Writings from Christine

7 Gifts of Borderline Personality Disorder

by on February 27, 2018

A diagnosis doesn’t have to be negative. The very thing that makes a person unique, special, different, and an individual might just fit within one of the diagnostic codes. A gift of music or a talent in sports is celebrated, but aren’t these also things the separate out people from the norm? By definition, a diagnosis is a group of characteristics that are one or more standard deviation from the norm. But so are high intelligence, greatness, excellence, and champions.

I would propose that every disorder can have some benefit. Depression can turn a person inward causing them to be more reflective and self-analytical. It also releases strong emotions of disappointment, grief, and rejection. This can be a cleansing process. Anxiety when seen as a warning signal instead of something to fear can heighten the senses and alert a person of impending danger, a triggered memory, or overload. Used properly, anxiety can become a guiding friend instead of a tortured foe.

Of all the diagnosis that gets a bad rap however, Borderline Personality Disorder (BPD) is at the top. Most of the articles, blogs, books, and videos about the disorder have a negative spin warning others to get away from anyone with these symptoms. Yet there is a beauty to this disorder, a real raw vulnerability that is so unique and different from other people. Either by intention or not, most reality TV shows feature a person with BPD because of this authentic openness. Here are a few other gifts of this disorder.

  1. Highly self-aware. At any given moment, most people with BPD are profoundly aware of their feelings regardless of the natural conflict the differing emotions might possess. For instance, they might feel excited going to a party, rejected when they see someone who was unkind, abandoned when the person they came with engages with someone else, and happy when they meet a new person with common interests.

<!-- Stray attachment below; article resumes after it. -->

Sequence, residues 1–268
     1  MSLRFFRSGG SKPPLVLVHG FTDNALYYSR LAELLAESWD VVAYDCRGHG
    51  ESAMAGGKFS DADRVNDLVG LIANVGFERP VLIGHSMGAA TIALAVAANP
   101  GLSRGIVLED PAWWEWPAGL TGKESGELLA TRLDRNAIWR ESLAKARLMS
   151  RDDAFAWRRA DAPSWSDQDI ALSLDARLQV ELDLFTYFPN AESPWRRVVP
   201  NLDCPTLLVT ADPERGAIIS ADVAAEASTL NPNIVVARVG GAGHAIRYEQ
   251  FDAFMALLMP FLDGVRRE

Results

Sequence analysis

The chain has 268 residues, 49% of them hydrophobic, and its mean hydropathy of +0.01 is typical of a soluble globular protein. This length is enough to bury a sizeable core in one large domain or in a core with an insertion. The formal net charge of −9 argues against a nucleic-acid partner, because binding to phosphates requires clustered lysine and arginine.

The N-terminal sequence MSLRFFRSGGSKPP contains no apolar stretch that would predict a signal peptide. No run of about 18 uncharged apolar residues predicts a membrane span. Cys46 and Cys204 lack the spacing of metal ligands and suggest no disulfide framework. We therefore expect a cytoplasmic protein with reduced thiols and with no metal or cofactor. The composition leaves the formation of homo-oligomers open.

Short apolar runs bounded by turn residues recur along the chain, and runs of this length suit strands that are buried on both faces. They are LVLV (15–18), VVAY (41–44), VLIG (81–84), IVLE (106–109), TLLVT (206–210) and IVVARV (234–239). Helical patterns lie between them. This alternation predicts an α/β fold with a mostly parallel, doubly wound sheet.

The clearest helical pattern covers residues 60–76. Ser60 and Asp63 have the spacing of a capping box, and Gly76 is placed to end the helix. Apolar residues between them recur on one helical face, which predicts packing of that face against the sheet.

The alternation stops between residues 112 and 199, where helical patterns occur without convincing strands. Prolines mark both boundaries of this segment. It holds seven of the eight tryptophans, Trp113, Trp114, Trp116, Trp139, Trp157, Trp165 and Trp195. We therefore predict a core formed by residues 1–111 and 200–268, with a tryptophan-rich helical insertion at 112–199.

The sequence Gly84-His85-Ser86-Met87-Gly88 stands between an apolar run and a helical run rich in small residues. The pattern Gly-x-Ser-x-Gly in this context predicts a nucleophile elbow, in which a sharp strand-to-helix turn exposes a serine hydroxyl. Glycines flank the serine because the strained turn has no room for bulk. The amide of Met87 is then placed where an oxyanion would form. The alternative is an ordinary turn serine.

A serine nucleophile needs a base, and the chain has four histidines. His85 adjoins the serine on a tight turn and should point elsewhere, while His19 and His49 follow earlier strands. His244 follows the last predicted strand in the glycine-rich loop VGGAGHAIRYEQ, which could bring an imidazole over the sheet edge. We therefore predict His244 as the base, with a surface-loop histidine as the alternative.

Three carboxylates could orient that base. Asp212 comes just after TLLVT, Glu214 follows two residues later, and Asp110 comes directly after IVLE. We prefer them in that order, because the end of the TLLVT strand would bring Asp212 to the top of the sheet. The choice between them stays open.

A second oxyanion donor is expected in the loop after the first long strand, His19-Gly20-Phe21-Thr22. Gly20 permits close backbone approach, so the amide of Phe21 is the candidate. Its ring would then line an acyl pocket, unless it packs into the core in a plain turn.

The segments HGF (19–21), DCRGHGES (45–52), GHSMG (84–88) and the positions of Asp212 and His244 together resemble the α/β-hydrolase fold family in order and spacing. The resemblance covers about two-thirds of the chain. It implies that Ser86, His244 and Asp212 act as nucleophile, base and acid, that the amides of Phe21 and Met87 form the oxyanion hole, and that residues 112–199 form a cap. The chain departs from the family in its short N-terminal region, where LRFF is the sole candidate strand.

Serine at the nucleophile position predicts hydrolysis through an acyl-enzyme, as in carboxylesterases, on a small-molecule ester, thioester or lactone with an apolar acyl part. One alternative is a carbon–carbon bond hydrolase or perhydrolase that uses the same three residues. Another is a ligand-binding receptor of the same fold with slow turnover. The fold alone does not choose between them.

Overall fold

2. Intense passion. The ability to feel and express intense passion for a person, art, literature, music, sports, food, dance, and other areas of interest comes naturally to a person with BPD. In fact, they know no other way of living other than to engage fully in their craft. The idea that they have to take initiative to follow their passion is foreign because for them, life is not worth living without it.
  3. Exciting and alive. When a person with BPD is engaged in their passion, they are thrilling to be around. Their natural excitement for doing their craft is so intoxicating that others want to contagiously absorb some of their enthusiasm. It is exhilarating and inspiring to see an athlete break a new record, a musician playing their instrument in ways unheard before, or a dancer perform unashamedly.
  4. Ability to sense emotions of others. Another gifting of BPD is a keen awareness of the emotions of others. Oftentimes a person with BPD will sense an emotion such as anger from someone else that the person is ignorant or in denial of feeling. When this talent is combined with an intense passion for painting for instance, a picture can reveal a mood that is obvious to the observer but oblivious to the model.
  5. Strong empathetic side. Because a person with BPD possesses the ability to sense the emotions of others, they also tend to absorb said emotions. As such, not only are they “walking in a person’s shoes” quite naturally but they also are able to strongly empathize. Actors/actresses who have BPD use this ability to enhance their performance and connect with their character at a deep level.
  6. Powerful intimate connection. Two of the necessary ingredients to a deep intimate connection are an awareness of self and an ability to empathize with others. Without these, any attempt at intimacy is shallow and feels unsatisfactory to the recipient. Because a person with BPD has these two items in abundance, they tend to make powerful, whole-hearted, and unreserved connections very quickly, almost too quickly for other people’s level of comfort.
  7. Desire for community. BPD is one of two personality disorders (the other is dependent) that fully appreciates and understands the need for others to be in their life. This is not a concept that needs any further explanation for them as they completely grasp the need for community at a deep level. Their perpetual fear of abandonment propels them to engage in relationships whether new or old.

The bottom line is this: don’t dismiss anyone with BPD because of their disorder. Take the time to engage and learn from them because they have so much to offer and can make life wonderful.

For more on this topic, watch the webinar The Gifting of Borderline Personality Disorder.

Posted under: Borderline Personality Disorders Writings from Christine

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